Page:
Academic journal article Phi Delta Kappan

A Concern with Disadvantaged Students: An Interview with Henry Levin

Academic journal article Phi Delta Kappan

A Concern with Disadvantaged Students: An Interview with Henry Levin

Article excerpt

Mr. Levin has been deeply concerned with the welfare of disadvantaged students ever since he criticized the Coleman Report in 1966. In his view, bringing youngsters at the low end into the mainstream is by far the most important effort in education because its outcome has the greatest potential for social impact or for social and economic disruption.

HENRY (Hank) Levin, currently the William Heard Kilpatrick Professor of Economics and Education at Teachers College, Columbia University, has had a three-part career in three areas with considerable overlap: finance and education, disadvantaged students, and privatization. From 1978 to 1984, Levin was the director of the Institute for Research on Educational Finance and Governance at Stanford University. In 1986, he became the founding director of the Accelerated Schools Project and remained its director until 1999, when he left Stanford University after 32 years to direct the National Center for the Study of Privatization in Education at Teachers College in New York City.

Growing up in New Jersey in the 1950s, Levin was an "indifferent student" whose chief interests were athletics, particularly men's track, and his amateur radio ("ham") station. The athletic interest continued through college, although Levin was quickly drawn into serious academic work in economics, graduating cum laude from New York University in 1960. In 1966, shortly after earning his Ph.D. from Rutgers University in New Brunswick, New Jersey, Levin went to work at the Brookings Institution, where he focused on "social economics: education, health, and welfare." That year the Coleman Report, James Coleman's famous study of private schooling, was released. This report by a very senior researcher reached some depressing conclusions about education reform, namely that spending more money on students, teachers, and school facilities has little effect. Levin and another young scholar, Samuel Bowles of Harvard University, took a careful look at the report and concluded that "it was a classic in terms of the sloppy use of methodology." This sharp critique, the first significant challenge to the report, earned Levin a bit of notoriety and led to a position at Stanford University.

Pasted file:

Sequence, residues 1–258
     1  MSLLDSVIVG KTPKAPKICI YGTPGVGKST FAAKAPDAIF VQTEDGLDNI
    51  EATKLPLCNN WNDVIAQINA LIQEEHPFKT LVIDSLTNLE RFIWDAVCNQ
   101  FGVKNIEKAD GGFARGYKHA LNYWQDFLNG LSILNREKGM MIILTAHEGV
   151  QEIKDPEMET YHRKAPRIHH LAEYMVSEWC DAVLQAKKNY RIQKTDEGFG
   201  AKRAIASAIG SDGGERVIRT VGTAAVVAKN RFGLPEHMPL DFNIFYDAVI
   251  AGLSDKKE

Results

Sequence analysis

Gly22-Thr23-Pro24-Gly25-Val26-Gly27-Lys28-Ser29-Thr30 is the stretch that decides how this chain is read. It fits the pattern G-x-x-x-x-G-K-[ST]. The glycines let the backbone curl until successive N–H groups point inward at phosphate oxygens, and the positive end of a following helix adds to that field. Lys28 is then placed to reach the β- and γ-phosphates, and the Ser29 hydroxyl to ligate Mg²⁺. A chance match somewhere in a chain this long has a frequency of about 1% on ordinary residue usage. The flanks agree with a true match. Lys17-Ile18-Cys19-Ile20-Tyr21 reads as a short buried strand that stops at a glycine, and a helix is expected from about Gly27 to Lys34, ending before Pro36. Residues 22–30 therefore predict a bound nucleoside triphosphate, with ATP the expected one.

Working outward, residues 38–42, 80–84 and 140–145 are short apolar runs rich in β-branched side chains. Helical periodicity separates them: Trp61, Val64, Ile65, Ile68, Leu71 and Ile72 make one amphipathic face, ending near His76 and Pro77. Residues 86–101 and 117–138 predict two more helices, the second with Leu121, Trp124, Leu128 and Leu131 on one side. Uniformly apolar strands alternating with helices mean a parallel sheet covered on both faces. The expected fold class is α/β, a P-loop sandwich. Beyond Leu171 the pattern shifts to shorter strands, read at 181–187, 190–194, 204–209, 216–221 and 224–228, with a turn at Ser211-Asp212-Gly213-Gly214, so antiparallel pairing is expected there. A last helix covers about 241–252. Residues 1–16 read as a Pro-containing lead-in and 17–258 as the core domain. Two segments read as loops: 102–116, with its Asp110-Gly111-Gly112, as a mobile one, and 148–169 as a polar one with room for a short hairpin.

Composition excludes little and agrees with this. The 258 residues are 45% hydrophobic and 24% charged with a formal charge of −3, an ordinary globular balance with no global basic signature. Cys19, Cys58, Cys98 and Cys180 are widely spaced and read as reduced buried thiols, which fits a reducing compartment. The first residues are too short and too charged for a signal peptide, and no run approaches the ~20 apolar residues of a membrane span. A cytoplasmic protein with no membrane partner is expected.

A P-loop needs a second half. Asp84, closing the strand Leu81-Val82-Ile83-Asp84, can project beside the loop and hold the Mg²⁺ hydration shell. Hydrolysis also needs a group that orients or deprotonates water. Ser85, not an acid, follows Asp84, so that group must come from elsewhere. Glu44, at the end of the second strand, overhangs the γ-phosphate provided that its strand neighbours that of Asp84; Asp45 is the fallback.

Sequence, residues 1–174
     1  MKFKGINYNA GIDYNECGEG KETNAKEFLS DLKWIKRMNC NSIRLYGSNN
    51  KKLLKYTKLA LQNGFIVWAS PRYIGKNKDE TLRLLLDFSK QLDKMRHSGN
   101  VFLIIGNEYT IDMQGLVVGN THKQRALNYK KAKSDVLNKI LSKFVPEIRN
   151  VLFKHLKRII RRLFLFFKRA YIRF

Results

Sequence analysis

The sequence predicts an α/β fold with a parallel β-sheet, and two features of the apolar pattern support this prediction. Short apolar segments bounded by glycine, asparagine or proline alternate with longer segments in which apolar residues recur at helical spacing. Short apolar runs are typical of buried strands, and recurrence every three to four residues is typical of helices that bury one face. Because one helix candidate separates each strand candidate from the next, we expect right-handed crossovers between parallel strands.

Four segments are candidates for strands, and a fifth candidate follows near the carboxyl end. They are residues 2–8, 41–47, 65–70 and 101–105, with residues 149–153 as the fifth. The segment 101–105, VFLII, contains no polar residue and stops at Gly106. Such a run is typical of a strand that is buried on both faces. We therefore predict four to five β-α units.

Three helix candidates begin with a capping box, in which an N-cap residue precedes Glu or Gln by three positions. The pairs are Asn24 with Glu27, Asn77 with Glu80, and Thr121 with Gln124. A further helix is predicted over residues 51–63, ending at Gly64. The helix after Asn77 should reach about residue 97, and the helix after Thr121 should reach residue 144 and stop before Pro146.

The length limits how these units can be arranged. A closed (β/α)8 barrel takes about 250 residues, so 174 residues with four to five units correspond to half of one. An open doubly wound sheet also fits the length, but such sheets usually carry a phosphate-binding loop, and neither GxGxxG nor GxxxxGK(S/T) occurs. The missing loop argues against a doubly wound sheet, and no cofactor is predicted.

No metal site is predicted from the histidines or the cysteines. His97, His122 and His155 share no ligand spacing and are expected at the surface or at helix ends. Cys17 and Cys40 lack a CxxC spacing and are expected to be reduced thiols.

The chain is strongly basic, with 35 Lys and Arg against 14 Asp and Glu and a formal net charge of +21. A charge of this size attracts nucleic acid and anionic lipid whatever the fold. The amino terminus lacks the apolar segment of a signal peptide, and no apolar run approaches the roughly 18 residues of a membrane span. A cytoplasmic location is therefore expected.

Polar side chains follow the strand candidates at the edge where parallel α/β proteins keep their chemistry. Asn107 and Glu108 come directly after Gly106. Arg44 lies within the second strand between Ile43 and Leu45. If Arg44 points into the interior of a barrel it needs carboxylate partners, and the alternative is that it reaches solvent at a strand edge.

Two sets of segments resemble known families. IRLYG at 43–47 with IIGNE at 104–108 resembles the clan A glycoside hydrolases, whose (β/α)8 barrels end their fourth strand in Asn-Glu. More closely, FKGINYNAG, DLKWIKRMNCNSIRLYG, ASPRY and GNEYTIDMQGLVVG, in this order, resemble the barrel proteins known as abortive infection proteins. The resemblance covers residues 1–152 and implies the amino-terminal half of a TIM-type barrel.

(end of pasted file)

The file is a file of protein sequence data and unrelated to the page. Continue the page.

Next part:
Very quickly, Levin began working on the economics of education - the manner in which schools were funded and the uses to which those funds were put - areas in which almost no one was specializing at the time. There was some interest in "human capital" but almost no concentration on "resource allocation and cost-effectiveness." This interest in the economics of education led to the establishment on the Stanford campus of a federally sponsored Institute for Research on Educational Finance and Governance, which Levin directed. The institute examined such matters as the fairness of school finance in the states, the comparison of private and public education, rising poverty rates, an increase in single-parent families, and the arrival of immigrants with little education.

Between 1978 and 1984, the institute had a "very strong influence on the field," publishing about 50 refereed articles each year and supplying the research background for several court cases on school finance. Levin became "the first expert witness in Robinson v. Cahill, the New Jersey case," and eventually became involved in the Serrano case in California and in other school finance cases in which he pointed out that "there were inequalities in the sources of revenue, that these inequalities led to inequalities in education outcomes, and that these outcomes in turn had consequences for the life chances of children."

By 1984 the federal Administration had adopted the view that federally sponsored "educational research subjects and conclusions should support the Administration." The new Administration felt that since the federal government was paying the bill, the research should back up its programs, among them tuition tax credits for private school attendance. …

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